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How to Write an Email Step-By-Step

Award-winning writer Kathy Widenhouse has helped hundreds of nonprofits and writers produce successful content and has gained 600K+ views for her writing tutorials. She is the author of 9 books. See more of Kathy’s content here.

When you know how to write an email well, you can save time and get more business done with your employees, clients, vendors, and partners.

How to write an email step-by-step with Word Wise at Nonprofit Copywriter

I’m not talking about writing an email to your spouse about a rental for next summer’s vacation (an informal, personal email.) Nor am I referring to writing an email newsletter (an e-zine to your organization’s partners and supporters with stories and announcements) – although these tips can apply to these kinds of emails, too.

Rather I’m referring how to write an email that is part of your day-to-day operations in your business and your work. This is an important skill for anyone to have. You want to be able to communicate professionally (so you’re taken seriously), clearly (so the content gets read and understood), and conversationally (to build strong relationships.)

These 7 email writing tips can help.

How to Write an Email: Step-By-Step Tips

1. State Your Purpose in the Subject Line

State the purpose of your email in the subject line. Be specific. Rather than simply, “Thank you,” write, “Thank you for your time on Thursday.” (Get a free downloadable checklist for writing better email subject lines).

Specificity moves your reader to open the email. Generalities lead the reader to skip it as spam. A strong subject line also allows your reader to find your email easily in her saved folder if she needs to refer to its content once again.

(Larry Kim at Mobile Monkey has a nice Anatomy of an Email infographic here.)

2. Start with a Salutation

You’re writing to a person, so be sure to use a greeting to begin the conversation (“Dear Dr. Smith,” or “Joe,”) – even if your email is short or a reply. Use the reader’s name. If you don’t know the person’s name, use his title (“Dear Director of Advancement”).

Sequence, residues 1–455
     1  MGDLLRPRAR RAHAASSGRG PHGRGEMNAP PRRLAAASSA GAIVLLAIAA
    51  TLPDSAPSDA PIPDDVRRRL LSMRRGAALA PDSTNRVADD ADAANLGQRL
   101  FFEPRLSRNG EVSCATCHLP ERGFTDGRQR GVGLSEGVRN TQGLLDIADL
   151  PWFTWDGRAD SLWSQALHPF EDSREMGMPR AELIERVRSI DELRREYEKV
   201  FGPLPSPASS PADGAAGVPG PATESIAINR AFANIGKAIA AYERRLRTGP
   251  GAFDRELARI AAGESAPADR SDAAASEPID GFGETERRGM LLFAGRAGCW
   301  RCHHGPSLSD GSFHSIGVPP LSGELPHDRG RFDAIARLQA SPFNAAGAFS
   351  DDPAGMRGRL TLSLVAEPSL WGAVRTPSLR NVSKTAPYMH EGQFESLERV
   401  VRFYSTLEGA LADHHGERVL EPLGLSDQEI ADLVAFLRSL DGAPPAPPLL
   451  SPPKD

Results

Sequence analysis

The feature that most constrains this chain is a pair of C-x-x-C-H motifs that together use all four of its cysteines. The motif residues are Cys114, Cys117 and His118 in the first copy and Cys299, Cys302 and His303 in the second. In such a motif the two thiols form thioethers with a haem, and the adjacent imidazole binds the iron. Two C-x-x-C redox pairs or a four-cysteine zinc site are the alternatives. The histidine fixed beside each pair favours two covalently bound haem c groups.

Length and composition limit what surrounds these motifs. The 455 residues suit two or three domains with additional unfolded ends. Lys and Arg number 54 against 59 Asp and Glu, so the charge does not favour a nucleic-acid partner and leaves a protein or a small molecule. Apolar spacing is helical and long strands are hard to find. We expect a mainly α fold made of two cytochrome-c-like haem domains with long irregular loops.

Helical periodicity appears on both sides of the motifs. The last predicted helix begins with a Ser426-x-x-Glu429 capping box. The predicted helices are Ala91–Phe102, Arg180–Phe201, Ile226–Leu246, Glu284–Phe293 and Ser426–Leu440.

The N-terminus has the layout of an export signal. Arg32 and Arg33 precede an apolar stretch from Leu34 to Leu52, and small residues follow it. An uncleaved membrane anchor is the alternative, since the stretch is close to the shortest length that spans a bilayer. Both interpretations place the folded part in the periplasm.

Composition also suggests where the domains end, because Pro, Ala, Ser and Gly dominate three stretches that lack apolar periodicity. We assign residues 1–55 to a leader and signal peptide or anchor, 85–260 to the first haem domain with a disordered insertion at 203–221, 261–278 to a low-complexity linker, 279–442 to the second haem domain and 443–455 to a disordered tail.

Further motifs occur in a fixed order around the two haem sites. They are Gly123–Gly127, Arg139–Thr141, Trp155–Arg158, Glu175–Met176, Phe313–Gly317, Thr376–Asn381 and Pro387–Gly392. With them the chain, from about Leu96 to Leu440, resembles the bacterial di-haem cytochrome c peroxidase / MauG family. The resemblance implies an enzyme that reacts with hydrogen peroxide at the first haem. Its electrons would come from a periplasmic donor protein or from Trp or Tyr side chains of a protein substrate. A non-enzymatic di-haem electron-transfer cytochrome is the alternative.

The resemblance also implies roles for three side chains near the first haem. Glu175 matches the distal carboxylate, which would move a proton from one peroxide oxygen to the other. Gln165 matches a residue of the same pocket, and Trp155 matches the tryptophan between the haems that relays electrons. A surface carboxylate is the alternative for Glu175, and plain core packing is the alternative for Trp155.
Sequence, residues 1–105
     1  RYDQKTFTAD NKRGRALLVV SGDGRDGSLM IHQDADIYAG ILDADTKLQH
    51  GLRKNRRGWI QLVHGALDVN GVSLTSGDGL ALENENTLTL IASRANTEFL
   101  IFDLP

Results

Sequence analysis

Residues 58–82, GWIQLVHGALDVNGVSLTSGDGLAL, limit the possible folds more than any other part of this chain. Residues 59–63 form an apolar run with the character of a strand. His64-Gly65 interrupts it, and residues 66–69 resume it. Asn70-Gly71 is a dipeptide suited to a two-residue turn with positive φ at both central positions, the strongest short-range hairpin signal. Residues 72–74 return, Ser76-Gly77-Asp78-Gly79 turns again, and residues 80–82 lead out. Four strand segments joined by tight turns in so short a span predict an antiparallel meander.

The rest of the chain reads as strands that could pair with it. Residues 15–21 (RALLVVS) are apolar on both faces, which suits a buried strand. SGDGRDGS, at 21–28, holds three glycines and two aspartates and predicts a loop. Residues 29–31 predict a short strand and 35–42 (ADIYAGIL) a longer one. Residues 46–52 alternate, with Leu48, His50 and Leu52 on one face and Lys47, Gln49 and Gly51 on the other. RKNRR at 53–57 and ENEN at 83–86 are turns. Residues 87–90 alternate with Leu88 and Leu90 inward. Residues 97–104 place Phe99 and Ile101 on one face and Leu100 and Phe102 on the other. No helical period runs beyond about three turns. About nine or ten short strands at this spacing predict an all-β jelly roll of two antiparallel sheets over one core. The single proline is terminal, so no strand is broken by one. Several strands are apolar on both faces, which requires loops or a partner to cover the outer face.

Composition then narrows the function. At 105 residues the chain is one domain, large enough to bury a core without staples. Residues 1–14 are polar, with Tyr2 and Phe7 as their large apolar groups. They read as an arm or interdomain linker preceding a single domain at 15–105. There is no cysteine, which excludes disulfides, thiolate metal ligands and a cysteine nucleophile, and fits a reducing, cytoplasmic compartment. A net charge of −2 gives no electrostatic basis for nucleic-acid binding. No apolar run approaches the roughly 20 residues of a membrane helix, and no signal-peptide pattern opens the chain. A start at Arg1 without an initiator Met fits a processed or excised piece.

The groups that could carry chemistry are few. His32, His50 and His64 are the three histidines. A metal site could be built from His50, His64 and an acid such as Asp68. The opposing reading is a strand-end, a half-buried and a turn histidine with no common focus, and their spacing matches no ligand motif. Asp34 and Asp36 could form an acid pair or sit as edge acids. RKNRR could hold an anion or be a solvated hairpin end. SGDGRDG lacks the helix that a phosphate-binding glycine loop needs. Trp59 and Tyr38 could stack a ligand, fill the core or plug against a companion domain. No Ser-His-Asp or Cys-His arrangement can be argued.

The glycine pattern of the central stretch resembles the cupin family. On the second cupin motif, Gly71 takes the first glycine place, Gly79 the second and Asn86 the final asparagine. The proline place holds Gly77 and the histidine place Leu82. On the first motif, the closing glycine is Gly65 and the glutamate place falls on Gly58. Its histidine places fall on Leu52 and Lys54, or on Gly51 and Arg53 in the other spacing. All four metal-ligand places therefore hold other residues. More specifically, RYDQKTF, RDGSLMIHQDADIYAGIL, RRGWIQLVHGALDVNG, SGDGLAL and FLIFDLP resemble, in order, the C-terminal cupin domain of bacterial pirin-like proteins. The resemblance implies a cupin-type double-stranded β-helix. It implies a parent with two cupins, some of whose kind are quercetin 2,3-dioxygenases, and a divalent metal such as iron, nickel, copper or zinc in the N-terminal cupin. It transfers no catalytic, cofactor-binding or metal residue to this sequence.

3. Get to the Point Immediately

Avoid using a throwaway opening line. Instead, in the first sentence, state your purpose for writing – the purpose you indicated in the subject line: “I’m writing today to …” Then move onto the body of your email, where you will …

4. Be Concise

People read emails quickly, much as they do with websites and social media. When content is long, they skim. (I know I do.) Make it easy for them to read quickly and skim. Use short sentences, short paragraphs, and bullet points. Include plenty of white space. Use a simple, clear font; avoid bold, italicized content. Emoticons? No – not when you’re trying to get business done.

5. Write a Call to Action

What do you want your reader to do as a result of your email? Ask for it, whether it is to send files, get an interview, respond at her earliest convenience, or understand that you’ll follow up in a few days.

6. End with a Closing

It’s polite to thank your reader respectfully; manners foster a good relationship.

Then it’s time to sign your email. “Best regards” and “Sincerely” are professional. Include your name and then your email signature with contact information so that your reader knows who you are and can respond.

But don’t click send just yet!

7. Proofread 

Before you click send, review your content to see that you’ve stated your purpose clearly and that you’ve indicated the action you’d like the reader to take. Check your spelling, grammar, and punctuation.

Then, click send. 

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